National Poetry Month 

At Politics for the People


Do you have a favorite political poem that you would like to share? Is there an original poem you’ve written?  Please email me at cathy.stewart5@gmail.com with your suggestions for consideration.

Reader’s Forum–Jessie Fields


Dr. Jessie Fields testifying at City Council Hearing on public housing. Dr. Lenora Fulani is sitting next to Dr. Fields.

Margaret Sanger: A Rebel

Margaret Sanger was a bold activist who took extraordinary risks fighting for women to have access to birth control and sex education. She was a complex woman whose very public life and work spanned over half a century and whose legacy lives on.

The novel “Terrible Virtue” by Ellen Feldman richly captures the personal struggles and conflicts of Margaret Sanger’s life as well as her activism and commitment to improving women’s lives.

Margaret Sanger cared for her own mother who was ill with tuberculosis, and who died at age 48 after giving birth to 11 children (Margaret was the sixth child) and enduring seven miscarriages.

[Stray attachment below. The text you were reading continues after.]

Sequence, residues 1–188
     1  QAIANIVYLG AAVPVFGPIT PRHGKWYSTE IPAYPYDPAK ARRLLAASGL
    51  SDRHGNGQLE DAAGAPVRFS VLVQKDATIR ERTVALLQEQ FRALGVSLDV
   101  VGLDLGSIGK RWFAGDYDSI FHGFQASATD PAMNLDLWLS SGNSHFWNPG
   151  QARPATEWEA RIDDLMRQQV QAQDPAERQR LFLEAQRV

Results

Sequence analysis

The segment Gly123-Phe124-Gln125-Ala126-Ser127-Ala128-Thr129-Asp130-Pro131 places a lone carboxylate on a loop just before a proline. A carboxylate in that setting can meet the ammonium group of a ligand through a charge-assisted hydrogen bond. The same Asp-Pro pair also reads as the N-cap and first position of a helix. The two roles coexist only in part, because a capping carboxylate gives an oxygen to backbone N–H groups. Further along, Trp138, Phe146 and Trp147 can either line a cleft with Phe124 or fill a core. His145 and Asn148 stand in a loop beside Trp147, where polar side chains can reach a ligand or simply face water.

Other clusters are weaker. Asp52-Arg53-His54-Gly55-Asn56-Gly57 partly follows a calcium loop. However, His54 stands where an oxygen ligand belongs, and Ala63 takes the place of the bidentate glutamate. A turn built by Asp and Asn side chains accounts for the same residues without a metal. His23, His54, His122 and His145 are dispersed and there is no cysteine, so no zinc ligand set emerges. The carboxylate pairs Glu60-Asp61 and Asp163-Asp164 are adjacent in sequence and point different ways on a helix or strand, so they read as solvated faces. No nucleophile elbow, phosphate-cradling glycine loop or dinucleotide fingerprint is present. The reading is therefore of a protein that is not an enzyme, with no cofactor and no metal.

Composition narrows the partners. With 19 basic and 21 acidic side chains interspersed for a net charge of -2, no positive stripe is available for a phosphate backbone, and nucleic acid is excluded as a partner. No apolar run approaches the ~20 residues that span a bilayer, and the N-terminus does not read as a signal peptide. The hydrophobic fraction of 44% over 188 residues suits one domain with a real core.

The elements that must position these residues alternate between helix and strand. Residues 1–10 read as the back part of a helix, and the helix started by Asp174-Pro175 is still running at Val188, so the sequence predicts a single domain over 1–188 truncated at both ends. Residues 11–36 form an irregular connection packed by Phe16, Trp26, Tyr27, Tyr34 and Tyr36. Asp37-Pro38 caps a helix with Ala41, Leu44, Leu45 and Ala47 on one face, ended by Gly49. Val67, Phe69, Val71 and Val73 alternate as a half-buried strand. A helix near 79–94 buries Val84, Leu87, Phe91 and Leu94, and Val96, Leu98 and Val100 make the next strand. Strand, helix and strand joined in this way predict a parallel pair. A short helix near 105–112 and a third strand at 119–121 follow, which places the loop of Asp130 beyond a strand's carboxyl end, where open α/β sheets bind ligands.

As a woman from a poor family she was locked out of becoming a doctor. She became a nurse.

In the novel Margaret agonizes with grief and regret over the death of her own daughter, Peggy who developed advanced pneumonia while living at a boarding school.

Weaved throughout the novel are letters from people who were close to her: her children, lovers, husbands, and one of her sisters, Ethel who worked beside her in the clinic, was jailed and went on a hunger strike.

The book dives deeply into pivotal moments in her life such as the first time she speaks to a group of working women who were “bleary-eyed from a long day spent sewing piecework and making artificial flowers, bone-tired from cleaning other women’s houses,..”